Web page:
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Rooftop Rainwater Harvesting as an Alternative Domestic Water Resource in Zambia

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DOI: 10.4236/gep.2016.413003    1,335 Downloads   2,466 Views  

ABSTRACT

Within the last decade, substantial progress has been achieved in the management of centralized water reticulation in Zambia. Characterized by diversified fiscal resourcing, concurrent institutional restructuring and introduction of new players in water governance, the water sector is set to achieve improved reliability on sustainable grounds. However, the threat of underground water pollution resulting from increased urbanization besides the unreliable energy sector presents new challenges for the current urban water. In effect, urban areas are affected by chronic water rationing creating public stress and insecurity which impacts domestic development. While the course of development has meant investment in the extension and expansion of water infrastructure in Zambia, alternative urban water resources are being sought to address challenges of traditional water systems globally. This paper therefore attempts to make a case for the modernization of Rooftop Rainwater Harvesting (RRWH) as an augmenting water resource in the Zambian urban housing sector. Here—in, it is identified as a Low Impact Development technology within the Integrated Urban Water Management framework currently being forged by local water. Based on a desktop literature survey and online questionnaire survey, an argument to support the development of RRWH in Zambia was developed. While literature survey results revealed evidence of economic loss and a growing compromise to public health resulting from inconsistent water supply in the study area of Lusaka city, the online questionnaire survey depicted significant domestic stress due to erratic water supply. Results confirmed that at one time residents observed an average of eight hours of power blackouts which effectively induced water disruption forcing homeowners to engage in various water storage methods which in turn are costly on domestic time, health and finances. A retrospective discussion based on both survey results attempts to present benefits and opportunities of urban RRWH to water sector stakeholders providing recommendations towards the mainstreaming of the practice in Zambia.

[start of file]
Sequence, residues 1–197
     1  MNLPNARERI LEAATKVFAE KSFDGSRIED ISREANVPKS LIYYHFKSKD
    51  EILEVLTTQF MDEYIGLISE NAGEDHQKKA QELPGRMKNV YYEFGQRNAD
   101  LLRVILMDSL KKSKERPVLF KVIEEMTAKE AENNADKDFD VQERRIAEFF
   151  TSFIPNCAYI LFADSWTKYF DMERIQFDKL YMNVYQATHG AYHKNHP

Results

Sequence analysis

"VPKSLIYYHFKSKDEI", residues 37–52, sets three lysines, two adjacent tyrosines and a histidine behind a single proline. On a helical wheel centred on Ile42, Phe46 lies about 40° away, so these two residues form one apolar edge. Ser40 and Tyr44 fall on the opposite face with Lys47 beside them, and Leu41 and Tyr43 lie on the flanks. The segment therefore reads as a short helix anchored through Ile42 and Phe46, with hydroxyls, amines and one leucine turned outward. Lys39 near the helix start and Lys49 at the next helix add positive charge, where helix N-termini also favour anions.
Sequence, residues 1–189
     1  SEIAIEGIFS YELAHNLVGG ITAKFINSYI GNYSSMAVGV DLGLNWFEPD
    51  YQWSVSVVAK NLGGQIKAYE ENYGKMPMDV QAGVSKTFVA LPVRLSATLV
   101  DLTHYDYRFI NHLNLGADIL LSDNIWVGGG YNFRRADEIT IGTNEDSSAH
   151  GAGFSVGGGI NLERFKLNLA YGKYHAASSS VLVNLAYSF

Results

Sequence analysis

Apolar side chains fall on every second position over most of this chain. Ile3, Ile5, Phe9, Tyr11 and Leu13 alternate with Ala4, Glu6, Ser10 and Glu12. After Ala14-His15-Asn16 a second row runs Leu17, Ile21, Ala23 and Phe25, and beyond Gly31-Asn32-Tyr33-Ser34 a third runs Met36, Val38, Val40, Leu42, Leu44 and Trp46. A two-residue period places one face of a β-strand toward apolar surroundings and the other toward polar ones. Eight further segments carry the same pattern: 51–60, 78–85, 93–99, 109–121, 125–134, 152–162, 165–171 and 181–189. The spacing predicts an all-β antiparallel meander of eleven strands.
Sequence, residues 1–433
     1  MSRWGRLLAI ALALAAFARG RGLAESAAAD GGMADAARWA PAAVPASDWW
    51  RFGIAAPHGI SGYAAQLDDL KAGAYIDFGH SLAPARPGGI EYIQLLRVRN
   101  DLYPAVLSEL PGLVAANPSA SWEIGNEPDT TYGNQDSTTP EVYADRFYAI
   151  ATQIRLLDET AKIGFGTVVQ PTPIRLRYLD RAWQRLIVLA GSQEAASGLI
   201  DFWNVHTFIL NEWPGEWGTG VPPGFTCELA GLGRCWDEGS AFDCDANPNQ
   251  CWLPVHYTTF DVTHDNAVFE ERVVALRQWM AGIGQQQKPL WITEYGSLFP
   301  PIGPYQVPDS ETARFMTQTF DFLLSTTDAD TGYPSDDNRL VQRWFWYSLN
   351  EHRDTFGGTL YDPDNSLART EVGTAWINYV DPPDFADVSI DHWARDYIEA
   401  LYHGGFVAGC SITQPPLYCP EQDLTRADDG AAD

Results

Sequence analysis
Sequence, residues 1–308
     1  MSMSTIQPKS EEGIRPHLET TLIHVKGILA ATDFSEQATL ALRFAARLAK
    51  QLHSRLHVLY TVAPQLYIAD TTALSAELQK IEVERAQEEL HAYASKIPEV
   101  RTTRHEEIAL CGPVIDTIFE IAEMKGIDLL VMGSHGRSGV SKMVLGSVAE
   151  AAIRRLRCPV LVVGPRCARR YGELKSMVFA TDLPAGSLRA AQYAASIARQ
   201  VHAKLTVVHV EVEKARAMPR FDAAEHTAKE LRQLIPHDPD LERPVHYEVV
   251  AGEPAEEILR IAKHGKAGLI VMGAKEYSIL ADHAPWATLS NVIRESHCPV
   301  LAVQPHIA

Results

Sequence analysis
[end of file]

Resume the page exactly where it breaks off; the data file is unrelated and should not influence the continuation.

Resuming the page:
1. Introduction

Public water provision among other civil services like healthcare, housing or transport continues to present challenges for local authorities in many sub-Sa- haran countries today. Globally, a growing insecurity over water resources has been linked to overpopulation caused by urbanization and effects of climate change. In spite of the achievements of centralized services, the negative impact of high running costs and energy demand has provoked a search for new water resources. Recent contemporary discussions have therefore encouraged the identification of water resource alternatives which must attempt to meet a balance of economic flexibility, decentralization and environmental sensitivity to achieve sustainable water resourcing. The over-emphasis of infrastructure development to bring more water to the metropolitan area is neither sustainable, nor economically, environmentally or socially desirable as it represents a never ending vicious cycle where the quality of life improves for the rich while it worsens for the poor [1] . In response, urban water managers have forged Integrated Urban Water Management (IUWM), in which diversification and decentralization characterize water resourcing. Henceforth, it is through IUWM that Urban Rain Water Harvesting (URWH), among others, has been identified as a Low Impact Development (LID) technology to augment water resourcing in urban areas. Emerging urban water management acknowledges major transitions from a “hard path”, to a “soft-path”, in which centralized water systems are complemented by lower cost community-scale systems [2] . Alternative water systems might be considered in city centers with decaying water infrastructures and can be competitive in unstable contexts, where flexibility, resilience and adaptation are valuable; i.e. a context created by climate change in many places [3] . URWH fulfils basic fundamentals of IWRM which include the use of localized water supplies and their capacity for compatibility with centralized systems to create hybrid systems [4] . RWH is therefore a sustainable strategy to be included in urban water management presenting many benefits which may include the ability to reduce a city’s external water demand, alleviate water stress on the area, reduce non-point source pollutant loads, reduce treatable urban runoff volume, prevent flooding and help to alleviate climate change [5] .